It can be daunting to decide whether to organize a new venture as a nonprofit, tax-exempt organization or as a for-profit, business entity. Sometime an organization could be organized and operated both in a manner that qualifies for tax-exemption under Internal Revenue Code Section 501 or as a taxable business entity. Toss in a number of recently developed “hybrid” legal entities like the L3C and the social benefit corporation, and it is easy to quickly become misguided and/or confused in the options. Founders should thus heed Stephen Covey’s wisdom and begin with the end in mind.
While a number of legal and tax considerations should be carefully evaluated to address these organizational decisions, the right initial approach is to carefully consider the founders’ long-term vision and goals of the organization. Where do the founders see the organization in ten years and how will it be funded on an annual basis? What are the founders’ long-term personal needs from the organization? Are the founders looking to rely on the venture as their career? What plans do they have to transition out of the venture? (“Transition out, we haven’t even started!”) By driving at the core of the founders’ long-term goals and desires, the best legal solutions can be identified.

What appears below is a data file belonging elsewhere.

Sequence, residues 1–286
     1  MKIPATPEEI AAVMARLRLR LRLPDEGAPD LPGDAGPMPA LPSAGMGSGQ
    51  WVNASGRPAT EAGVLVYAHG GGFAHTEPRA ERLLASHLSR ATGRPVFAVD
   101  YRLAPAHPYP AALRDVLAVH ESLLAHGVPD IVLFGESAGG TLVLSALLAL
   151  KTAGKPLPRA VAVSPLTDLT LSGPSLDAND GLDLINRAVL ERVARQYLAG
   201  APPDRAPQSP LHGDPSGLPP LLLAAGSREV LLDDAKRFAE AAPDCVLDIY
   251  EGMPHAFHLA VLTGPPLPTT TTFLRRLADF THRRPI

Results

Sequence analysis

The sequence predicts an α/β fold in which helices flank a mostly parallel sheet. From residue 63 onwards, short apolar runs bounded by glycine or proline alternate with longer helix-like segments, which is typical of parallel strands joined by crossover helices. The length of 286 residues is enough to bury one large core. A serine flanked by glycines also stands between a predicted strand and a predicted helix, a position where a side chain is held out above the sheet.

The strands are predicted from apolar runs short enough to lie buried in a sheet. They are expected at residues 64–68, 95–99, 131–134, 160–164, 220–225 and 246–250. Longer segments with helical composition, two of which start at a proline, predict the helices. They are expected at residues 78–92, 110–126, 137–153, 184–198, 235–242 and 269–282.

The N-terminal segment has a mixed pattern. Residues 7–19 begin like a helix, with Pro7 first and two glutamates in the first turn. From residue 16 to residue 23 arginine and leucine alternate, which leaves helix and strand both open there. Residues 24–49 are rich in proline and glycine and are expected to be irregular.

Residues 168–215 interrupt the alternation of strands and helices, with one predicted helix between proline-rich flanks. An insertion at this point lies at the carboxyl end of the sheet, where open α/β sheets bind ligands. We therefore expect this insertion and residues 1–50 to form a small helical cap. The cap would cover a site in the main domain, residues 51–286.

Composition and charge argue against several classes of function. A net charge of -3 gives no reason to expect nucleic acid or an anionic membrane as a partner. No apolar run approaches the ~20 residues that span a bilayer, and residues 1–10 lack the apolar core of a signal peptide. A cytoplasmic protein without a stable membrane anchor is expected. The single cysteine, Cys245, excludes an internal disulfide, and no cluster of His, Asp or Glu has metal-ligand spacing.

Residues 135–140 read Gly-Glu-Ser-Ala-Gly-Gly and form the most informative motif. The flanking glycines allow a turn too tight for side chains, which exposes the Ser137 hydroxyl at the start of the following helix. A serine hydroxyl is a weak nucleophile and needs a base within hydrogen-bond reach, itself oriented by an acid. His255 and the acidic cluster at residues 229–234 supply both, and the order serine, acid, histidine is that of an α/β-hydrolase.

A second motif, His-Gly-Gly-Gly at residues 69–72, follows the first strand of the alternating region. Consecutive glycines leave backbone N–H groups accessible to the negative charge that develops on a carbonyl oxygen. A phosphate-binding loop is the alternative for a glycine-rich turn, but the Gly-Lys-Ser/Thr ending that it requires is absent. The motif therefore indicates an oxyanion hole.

Founders should also take heart that many times the solution is not either a nonprofit or a for-profit, but rather a carefully structured combination of legal entities. Several years ago, Attorneys Ingrid Mittermaier and Joey Neugart of the San Franciso-based law firm, Adler and Colvin, wrote a very easy to read article on the use of for-profit and nonprofit multi-entity structures, entitled, Operating in Two Worlds: Tandem Structures in Social Enterprise (Practical Tax Lawyer, Fall 2011). A copy of the article is still available on Adler and Colvin’s website.